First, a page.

Circular economy models as e-waste management strategy


In today’s world, e-business and e-economy are booming industries, but with that growth comes a significant downside: the rise of e-waste. This term defines any electrical and IT devices that are no longer used or have been rendered unusable by technological advancements. Consumer electronics, computers, and other communication and electrical products have significantly been the driving force to the global concerns of e-waste.. The proliferation of computing and communication devices, along with other electrical goods, is largely responsible for the global surge in e-waste (Boubellouta and Kusch-Brandt, 2021). 

Think of old PCs, TVs, smartphones, and more—all contributing to this mounting issue. E-waste comes in many forms, from PCs and TVs to smartphones and printers, and it’s typically divided into two categories: Information Technology (IT) and Consumer Electronics (CE). The challenge with e-waste lies in its disposal. While IT products often have components that can be salvaged and reused, the same isn’t true for many CE items. They often lack the economic incentive for recycling and end up being dumped, posing environmental risks. So, while there’s potential value in salvaging components from IT products, the CE category presents a more complex problem—one that requires innovative solutions to minimize its negative impact on the environment..

E-waste and Global Impact

E-waste is one of the fastest-growing categories of waste (Awasthi et al., 2018). The substantial accumulation of electronic waste (e-waste) from post-consumer electronic devices has sparked apprehension regarding its hazardous implications. In 2016 alone, the global generation of e-waste amounted to an estimated 44.7 million metric tonnes, as reported by Baldé et al. (2017). United States generates the second highest amount of Waste from Electrical and Electronic Equipment (WEEE) after China with a generation rate of 6.9 MT/year and per capita generation of around 19-20 kg/person/year (Shittu, Williams, and Shaw 2021). This implies that with the increase in the WEEE generation rate, toxic metals and other hazardous substances will be emitted more into the environment, and at the same time, valuable resources will be consumed more which would increase the need to recycle and recover them (Zeng et al. 2016). Unfortunately, only 20% of the total E-waste is collected and recycled.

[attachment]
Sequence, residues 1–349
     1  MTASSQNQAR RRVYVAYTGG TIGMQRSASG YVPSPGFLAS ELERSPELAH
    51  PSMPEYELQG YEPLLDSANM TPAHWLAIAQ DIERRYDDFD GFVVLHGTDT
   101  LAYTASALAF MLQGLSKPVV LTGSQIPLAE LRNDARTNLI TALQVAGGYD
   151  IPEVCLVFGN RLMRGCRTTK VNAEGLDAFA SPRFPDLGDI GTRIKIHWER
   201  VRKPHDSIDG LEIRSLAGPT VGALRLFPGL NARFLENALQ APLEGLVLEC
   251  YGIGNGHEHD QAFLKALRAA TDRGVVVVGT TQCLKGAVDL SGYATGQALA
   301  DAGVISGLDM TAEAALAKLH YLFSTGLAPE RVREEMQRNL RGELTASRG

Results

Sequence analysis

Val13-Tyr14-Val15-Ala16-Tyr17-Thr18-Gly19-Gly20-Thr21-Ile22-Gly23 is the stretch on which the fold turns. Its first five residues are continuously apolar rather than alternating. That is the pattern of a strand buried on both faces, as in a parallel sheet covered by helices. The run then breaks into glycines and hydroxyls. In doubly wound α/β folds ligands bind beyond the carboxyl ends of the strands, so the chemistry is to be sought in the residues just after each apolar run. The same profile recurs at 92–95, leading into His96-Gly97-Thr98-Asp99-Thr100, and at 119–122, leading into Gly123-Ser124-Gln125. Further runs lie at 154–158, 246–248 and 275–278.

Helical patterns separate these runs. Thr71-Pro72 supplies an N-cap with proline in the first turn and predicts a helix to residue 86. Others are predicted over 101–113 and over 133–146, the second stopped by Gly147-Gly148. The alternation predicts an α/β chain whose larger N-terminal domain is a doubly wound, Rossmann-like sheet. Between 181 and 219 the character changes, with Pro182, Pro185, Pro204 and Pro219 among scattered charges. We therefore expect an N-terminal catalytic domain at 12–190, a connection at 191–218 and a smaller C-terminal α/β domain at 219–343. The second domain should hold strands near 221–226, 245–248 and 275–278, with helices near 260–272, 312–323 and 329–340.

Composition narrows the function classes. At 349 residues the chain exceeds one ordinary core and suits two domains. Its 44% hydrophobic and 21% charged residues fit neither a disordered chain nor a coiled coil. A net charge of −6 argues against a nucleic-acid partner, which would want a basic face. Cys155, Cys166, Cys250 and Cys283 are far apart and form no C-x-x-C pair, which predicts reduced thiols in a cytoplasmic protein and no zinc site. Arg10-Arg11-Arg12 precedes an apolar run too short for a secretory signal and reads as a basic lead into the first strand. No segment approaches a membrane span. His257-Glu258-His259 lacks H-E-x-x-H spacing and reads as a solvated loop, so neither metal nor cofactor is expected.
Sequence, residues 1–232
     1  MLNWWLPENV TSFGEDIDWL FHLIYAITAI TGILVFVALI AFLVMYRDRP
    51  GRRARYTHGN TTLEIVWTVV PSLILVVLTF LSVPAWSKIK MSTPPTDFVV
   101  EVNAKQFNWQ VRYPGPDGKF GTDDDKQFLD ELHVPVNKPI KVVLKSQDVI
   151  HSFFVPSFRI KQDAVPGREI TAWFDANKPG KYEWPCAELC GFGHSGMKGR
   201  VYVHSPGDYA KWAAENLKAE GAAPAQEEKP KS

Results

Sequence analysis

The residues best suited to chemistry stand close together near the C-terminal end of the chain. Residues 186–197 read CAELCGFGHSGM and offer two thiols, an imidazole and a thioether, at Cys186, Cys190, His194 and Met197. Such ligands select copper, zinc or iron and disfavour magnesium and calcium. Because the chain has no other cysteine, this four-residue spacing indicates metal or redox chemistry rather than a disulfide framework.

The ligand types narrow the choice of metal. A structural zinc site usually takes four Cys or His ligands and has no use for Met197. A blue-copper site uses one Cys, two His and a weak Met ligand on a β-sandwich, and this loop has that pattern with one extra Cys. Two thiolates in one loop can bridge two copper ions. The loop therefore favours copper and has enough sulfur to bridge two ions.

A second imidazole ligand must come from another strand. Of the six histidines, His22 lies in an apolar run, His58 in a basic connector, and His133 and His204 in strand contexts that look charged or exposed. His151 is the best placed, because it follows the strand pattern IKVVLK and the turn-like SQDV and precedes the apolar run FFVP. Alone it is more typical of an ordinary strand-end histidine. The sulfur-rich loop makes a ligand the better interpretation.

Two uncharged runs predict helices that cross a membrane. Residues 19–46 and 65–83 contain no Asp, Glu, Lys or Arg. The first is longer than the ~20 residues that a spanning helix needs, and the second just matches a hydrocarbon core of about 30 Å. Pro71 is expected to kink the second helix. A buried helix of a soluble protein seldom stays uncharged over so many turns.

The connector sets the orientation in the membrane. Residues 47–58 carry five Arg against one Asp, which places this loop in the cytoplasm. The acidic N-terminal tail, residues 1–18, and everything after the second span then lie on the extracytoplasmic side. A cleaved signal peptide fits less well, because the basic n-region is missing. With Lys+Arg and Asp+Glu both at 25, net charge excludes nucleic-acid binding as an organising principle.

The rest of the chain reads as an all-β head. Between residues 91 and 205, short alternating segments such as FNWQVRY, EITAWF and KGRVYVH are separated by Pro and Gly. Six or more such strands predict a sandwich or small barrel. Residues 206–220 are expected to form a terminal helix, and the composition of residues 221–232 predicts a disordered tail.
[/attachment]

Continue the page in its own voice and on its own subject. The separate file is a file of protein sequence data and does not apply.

E-waste and Sustainable Development

The 2030 Agenda for Sustainable Development was adopted in September 2015 by the United Nations and its member states. The agenda included 17 Sustainable Development Goals and 169 targets to end poverty, protect the planet, and ensure prosperity in the world. It is related to SDG 3, to improve public health and well-being, as E-waste contains many hazardous substances and toxic constituents. The effects of material extraction and increased mining operations pose significant health and environmental impacts (Meloni et al., 2018). Huge amounts of water and energy are used for mining and manufacturing of electronic devices and the demand for resources increases the chance of unsafe working conditions. Improper handling and recycling methods can also increase public exposure to toxic chemicals and hazardous substances.

Circular Economy Models

E-waste generation and its management is a serious issue worldwide, especially in developing countries. We need to tackle the e-waste issue from various sectors to not only deal with its harmful effects on the environment and human health but also to support the global economy and conserve resources sustainably. It’s about finding a balance between the negative impacts of recycling e-waste and the allocation of resources..

The concept of a circular economy offers a promising solution by aiming to slow down the consumption of electrical and electronic equipment (EEE) through smarter product design and business models. This approach, advocated by Ali and Shirazi (2023), involves the “7 R’s” system: reducing, reusing, refusing, recycling, recovering, rethinking, and redesigning..

The circular economy goal is to reduce waste by making products more efficient and finding ways to recycle materials so they can be used again. It’s all about finding smarter, more sustainable ways to manage resources.. This ensures they remain in use for as long as possible, preserving their utility and value (Ellen MacArthur Foundation, 2019). While the concept of a circular economy is considered crucial for the generation and management of e-products, it necessitates a collaborative effort across various sectors, including businesses, governments, and consumers (Henriques et al., 2023). Mr. Oreolorun Titobiloluwa Oluwayomi, the founder of Justusedtech, aims to build a society where a circular economy is encouraged by reusing devices and also upcycling them to build a digital divide. He believes that a circular economy can be a great tool for eradicating the ever-growing problem of e-waste in the world. 

Oreolorun Titobiloluwa Oluwayomi

[email protected]